At least nine constitutional ballot access cases are pending in various U.S. Courts of Appeals around the nation. Here is a brief status summary:
1. The Eleventh Circuit has all the briefs in Hall v Merrill, 16-16766. The issue is whether Alabama can require a petition of 3% of the last gubernatorial vote in special elections for U.S. House and for statewide elections, given that the petitioning time for a special election is much shorter than in a normal election. However, this case may be moot if the legislature passes HB 552, which reduces the petition for independent candidates in special elections to 1%. The U.S. District Court had invalidated the state law as applied to special elections.
2. The Eighth Circuit has all the briefs in Libertarian Party of Arkansas v Martin, 16-3794. The issue is the old Arkansas law that required newly-qualified parties to nominate all their candidates several months before the major parties choose their nominees. The U.S. District Court had invalidated the law. This is a peculiar appeal, because the legislature has already changed the law to conform to the U.S. District Court decision, yet the state still appeals that decision.
3. The Ninth Circuit has all the briefs in Independent Party v Padilla, 16-15895. The last brief was filed December 2, 2016. The issue is the California Secretary of State’s refusal to tally the number of voters who are registered in the Independent Party. It is not known if the Independent Party has enough registrations to be a qualified party. The U.S. District Court had upheld the Secretary of State’s decision, even though California has no law saying a party can’t be named “Independent Party” and even though the state presented no evidence. California does have a state law saying two parties can’t have names that are so similar to each other as to cause confusion, and the American Independent Party is on the ballot.
4. The Ninth Circuit has all the briefs in Soltysik v Padilla, 16-55758. The last one was submitted April 19, 2017. The issue is the California law that allows some candidates for Congress and partisan state office to have their party on the ballot, but denies this for other candidates. The U.S. District Court had upheld the state law.
5. The Seventh Circuit heard oral argument in Libertarian Party of Illinois v Scholz, 16-1667, on February 24, 2017. The issue is the Illinois law that requires newly-qualifying parties (but not old parties) to run a full slate of candidates. The U.S. District Court had invalidated it.
6. The Seventh Circuit has received most of the briefs, but not all, in Tripp v Smart, 16-3469. This is an Illinois Green Party case challenging the 5% petition for legislative candidates of unqualified parties, combined with other petition hurdles, such as the requirement that each sheet be notarized. The U.S. District Court had upheld the state laws.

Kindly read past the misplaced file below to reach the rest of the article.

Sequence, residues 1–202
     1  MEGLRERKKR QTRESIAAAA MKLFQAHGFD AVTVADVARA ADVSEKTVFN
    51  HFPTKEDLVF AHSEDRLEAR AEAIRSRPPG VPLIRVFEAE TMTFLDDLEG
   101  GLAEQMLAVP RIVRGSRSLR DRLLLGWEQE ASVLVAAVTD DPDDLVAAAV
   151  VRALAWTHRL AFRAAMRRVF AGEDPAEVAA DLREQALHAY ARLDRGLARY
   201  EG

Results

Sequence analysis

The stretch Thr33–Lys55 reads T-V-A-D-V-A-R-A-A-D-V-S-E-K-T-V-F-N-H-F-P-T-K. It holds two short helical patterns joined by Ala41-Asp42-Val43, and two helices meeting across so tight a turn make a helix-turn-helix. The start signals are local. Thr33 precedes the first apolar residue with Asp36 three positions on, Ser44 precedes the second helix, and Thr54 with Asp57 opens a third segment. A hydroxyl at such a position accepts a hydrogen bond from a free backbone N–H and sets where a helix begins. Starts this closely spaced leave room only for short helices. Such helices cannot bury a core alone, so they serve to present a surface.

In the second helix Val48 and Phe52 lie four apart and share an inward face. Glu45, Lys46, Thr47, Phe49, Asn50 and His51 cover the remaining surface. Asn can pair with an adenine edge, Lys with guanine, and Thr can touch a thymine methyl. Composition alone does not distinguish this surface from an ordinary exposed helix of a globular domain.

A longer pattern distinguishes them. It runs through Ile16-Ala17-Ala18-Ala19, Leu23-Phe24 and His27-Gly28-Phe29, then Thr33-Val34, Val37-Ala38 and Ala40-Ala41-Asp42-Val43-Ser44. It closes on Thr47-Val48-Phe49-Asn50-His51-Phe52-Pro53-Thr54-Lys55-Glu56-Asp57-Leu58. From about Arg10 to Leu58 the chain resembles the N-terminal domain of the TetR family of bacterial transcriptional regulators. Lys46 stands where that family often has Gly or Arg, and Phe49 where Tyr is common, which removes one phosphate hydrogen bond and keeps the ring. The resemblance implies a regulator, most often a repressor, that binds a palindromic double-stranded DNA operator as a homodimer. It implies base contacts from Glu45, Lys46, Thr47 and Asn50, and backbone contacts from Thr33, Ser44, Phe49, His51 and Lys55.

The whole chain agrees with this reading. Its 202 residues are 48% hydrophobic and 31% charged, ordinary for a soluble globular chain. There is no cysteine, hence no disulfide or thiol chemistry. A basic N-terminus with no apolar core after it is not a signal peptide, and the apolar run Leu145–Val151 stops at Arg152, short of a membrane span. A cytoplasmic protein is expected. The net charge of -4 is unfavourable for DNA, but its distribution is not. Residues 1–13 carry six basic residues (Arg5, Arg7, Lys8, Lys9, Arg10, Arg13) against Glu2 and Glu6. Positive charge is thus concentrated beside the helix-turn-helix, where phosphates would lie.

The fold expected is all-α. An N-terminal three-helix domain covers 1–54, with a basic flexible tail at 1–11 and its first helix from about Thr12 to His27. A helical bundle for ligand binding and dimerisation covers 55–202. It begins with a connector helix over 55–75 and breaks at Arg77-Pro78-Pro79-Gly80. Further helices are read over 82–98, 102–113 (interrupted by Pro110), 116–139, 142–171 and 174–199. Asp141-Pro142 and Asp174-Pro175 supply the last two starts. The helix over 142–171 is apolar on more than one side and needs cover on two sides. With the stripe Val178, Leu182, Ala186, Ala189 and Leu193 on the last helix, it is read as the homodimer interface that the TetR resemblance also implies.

7. The Tenth Circuit has the opening brief in De La Fuente v Ziriax, 17-6010. This is an Oklahoma case, challenging the petition for independent presidential candidates, and the presidential nominees of unqualified parties. However this case will probably be moot if Governor Mary Fallin signs SB 145, which lets such candidates get on the ballot with no petition if they pay a large filing fee.
8. The Third Circuit heard oral argument on March 22, 2017, in Constitution Party of Pennsylvania v Cortes, 16-3266. The issue is the county distribution requirement for independent candidate petitions, and petitions for the nominees of unqualified parties. The distribution requirement only applies to state office, not president or U.S. Senate. The U.S. District Court had invented the requirement; there is no such statutory requirement.
9. The Sixth Circuit has all the briefs in Green Party of Tennessee v Hargett, 16-6299. They were all submitted by December 9, 2016. The Court has not said whether it wants oral argument or not. The issue is Tennessee’s petition requirement of 2.5% of the last gubernatorial vote for newly-qualifying parties. The U.S. District Court had upheld the law.
This list only includes cases in U.S. Appeals Courts. There are also such lawsuits pending in U.S. District Court in Alabama, Arizona, Arkansas, California, Georgia, Illinois, Maine, Montana, New York, North Carolina, Pennsylvania, South Dakota, Texas, Virginia, and Washington.